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            Accurate determination of microbial diversity from 454 pyrosequencing data.

            We present an algorithm, PyroNoise, that clusters the flowgrams of 454 pyrosequencing reads using a distance measure that models sequencing noise. This infers the true sequences in a collection of amplicons. We pyrosequenced a known mixture of microbial 16S rDNA sequences extracted from a lake and found that without noise reduction the number of operational taxonomic units is overestimated but using PyroNoise it can be accurately calculated.
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              Marine microbial diversity: can it be determined?

              Estimates of the order of magnitude for the total number of microbial species on Earth range from 10(3) to 10(9). Despite global dispersal of microorganisms, this number is probably rather large. The total biodiversity of an ecosystem is composed of two elements: first, a set of abundant taxa that carry out most ecosystem functions, grow actively and suffer intense losses through predation and viral lysis. These taxa are retrievable with molecular techniques but are difficult to grow in culture. Second, there is a seed bank of many rare taxa that are not growing or grow extremely slowly, do not experience viral lysis and predation is reduced. Such taxa are seldom retrieved by molecular techniques but many can be grown in culture, which explains the dictum 'everything is everywhere'.
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                Author and article information

                Journal
                101301086
                33338
                ISME J
                ISME J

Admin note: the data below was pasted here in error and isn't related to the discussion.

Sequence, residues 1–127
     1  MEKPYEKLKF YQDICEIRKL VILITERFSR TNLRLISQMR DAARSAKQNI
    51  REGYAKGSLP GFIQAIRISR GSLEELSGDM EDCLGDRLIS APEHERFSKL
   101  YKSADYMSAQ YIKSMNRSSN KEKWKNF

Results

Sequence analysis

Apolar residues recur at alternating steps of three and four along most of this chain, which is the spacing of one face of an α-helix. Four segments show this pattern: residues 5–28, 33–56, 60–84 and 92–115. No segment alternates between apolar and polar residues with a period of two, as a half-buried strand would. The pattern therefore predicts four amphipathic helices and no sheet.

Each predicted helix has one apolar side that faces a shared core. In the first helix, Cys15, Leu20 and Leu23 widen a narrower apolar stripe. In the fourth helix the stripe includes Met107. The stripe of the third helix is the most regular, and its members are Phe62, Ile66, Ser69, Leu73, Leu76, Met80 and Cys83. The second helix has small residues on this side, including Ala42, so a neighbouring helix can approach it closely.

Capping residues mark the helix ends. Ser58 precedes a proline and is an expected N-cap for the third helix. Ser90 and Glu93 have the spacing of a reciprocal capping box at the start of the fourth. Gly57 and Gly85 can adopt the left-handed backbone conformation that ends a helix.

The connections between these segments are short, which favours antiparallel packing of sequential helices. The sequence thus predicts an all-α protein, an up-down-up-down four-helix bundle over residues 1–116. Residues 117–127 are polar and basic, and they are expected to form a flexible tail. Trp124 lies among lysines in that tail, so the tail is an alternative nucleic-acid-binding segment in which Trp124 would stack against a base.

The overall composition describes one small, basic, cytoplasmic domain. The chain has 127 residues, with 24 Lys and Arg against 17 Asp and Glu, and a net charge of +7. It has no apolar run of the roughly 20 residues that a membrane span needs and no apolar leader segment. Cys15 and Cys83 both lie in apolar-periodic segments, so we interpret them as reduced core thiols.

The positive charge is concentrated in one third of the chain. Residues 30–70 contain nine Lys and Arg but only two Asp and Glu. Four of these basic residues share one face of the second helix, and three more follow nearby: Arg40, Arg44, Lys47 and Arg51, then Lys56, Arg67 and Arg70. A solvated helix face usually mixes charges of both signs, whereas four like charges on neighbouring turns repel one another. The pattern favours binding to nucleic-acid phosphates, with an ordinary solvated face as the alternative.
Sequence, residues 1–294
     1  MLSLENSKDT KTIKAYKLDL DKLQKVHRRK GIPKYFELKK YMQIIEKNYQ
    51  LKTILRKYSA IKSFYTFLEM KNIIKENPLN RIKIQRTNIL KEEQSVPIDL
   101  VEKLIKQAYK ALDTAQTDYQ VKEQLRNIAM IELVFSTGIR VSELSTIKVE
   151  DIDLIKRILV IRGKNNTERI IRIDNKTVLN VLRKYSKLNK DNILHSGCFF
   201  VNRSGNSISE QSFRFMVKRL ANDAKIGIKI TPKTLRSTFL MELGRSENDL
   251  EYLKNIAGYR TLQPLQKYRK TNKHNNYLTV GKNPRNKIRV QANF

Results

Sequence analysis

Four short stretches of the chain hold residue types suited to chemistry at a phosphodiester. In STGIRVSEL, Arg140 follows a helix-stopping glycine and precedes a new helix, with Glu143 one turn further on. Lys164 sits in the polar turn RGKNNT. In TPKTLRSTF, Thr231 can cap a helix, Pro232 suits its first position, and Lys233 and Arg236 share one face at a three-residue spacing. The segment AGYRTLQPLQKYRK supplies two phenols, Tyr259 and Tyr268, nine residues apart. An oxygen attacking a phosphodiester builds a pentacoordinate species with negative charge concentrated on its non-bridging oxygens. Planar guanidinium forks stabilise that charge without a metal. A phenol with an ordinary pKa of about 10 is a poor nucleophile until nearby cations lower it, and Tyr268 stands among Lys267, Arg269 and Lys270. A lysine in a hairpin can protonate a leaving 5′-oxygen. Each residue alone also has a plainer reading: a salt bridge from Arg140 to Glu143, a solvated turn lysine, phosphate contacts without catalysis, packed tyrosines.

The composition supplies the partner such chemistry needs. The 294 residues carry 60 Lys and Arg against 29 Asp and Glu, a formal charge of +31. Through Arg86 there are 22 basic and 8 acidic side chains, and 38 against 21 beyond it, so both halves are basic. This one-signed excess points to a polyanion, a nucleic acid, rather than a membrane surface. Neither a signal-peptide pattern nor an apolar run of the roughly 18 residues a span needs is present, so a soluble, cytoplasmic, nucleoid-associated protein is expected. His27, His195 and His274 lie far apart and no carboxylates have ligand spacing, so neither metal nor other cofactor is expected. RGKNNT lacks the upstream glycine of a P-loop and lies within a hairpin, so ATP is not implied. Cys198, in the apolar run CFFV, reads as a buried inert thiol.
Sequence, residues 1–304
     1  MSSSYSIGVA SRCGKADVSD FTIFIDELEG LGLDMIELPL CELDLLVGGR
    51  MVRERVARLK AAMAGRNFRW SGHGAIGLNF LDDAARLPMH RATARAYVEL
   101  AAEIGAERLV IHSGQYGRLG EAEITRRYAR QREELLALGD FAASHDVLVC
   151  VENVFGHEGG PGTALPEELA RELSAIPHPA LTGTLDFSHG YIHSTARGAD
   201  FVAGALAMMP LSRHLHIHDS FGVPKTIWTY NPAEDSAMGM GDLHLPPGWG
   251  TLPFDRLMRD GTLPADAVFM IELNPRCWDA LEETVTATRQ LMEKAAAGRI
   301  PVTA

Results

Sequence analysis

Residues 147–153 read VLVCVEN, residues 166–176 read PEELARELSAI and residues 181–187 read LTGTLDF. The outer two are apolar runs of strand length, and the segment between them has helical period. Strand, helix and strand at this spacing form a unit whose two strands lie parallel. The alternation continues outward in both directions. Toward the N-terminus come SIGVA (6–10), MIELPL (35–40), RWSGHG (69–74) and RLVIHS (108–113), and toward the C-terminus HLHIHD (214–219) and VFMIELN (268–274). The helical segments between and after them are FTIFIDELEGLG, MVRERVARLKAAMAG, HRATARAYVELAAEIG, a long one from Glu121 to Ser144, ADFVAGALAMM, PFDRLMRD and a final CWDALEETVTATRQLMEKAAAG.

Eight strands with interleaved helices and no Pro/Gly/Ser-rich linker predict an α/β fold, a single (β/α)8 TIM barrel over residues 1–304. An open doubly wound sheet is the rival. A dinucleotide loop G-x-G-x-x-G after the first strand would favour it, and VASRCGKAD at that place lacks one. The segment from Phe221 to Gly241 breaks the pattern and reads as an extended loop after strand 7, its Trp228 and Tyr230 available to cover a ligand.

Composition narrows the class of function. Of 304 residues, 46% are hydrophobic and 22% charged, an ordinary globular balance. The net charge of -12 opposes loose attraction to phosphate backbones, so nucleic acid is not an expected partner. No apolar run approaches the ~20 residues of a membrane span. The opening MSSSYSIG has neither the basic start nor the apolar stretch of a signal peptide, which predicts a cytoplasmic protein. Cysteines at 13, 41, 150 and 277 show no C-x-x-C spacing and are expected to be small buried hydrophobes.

The ISME journal
                1751-7362
                1751-7370
                6 July 2015
                10 June 2010
                December 2010
                13 July 2015
                : 4
                : 12
                : 1591-1602
                Affiliations
                [1 ]Department for Microbial Ecology, University of Vienna, Althanstrasse 14, A-1090 Wien, Austria
                [2 ]Department for Microbiology, Kasetsart University, 50 Phaholyotin Rd., Lad Yao, Chatuchak, Bangkok, 10900, Thailand
                Author notes
                [* ]Corresponding author: Department for Microbial Ecology, University of Vienna, Althanstrasse 14, A-1090 Wien, Austria, Phone: +43 1 4277 54390, Fax: +43 1 4277 54389, wagner@ 123456microbial-ecology.net
                Article
                EMS49469
                10.1038/ismej.2010.75
                4499578
                20535221

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                Categories
                Article

                Microbiology & Virology

                rare biosphere, sulfur cycle, peatlands, keystone species, global warming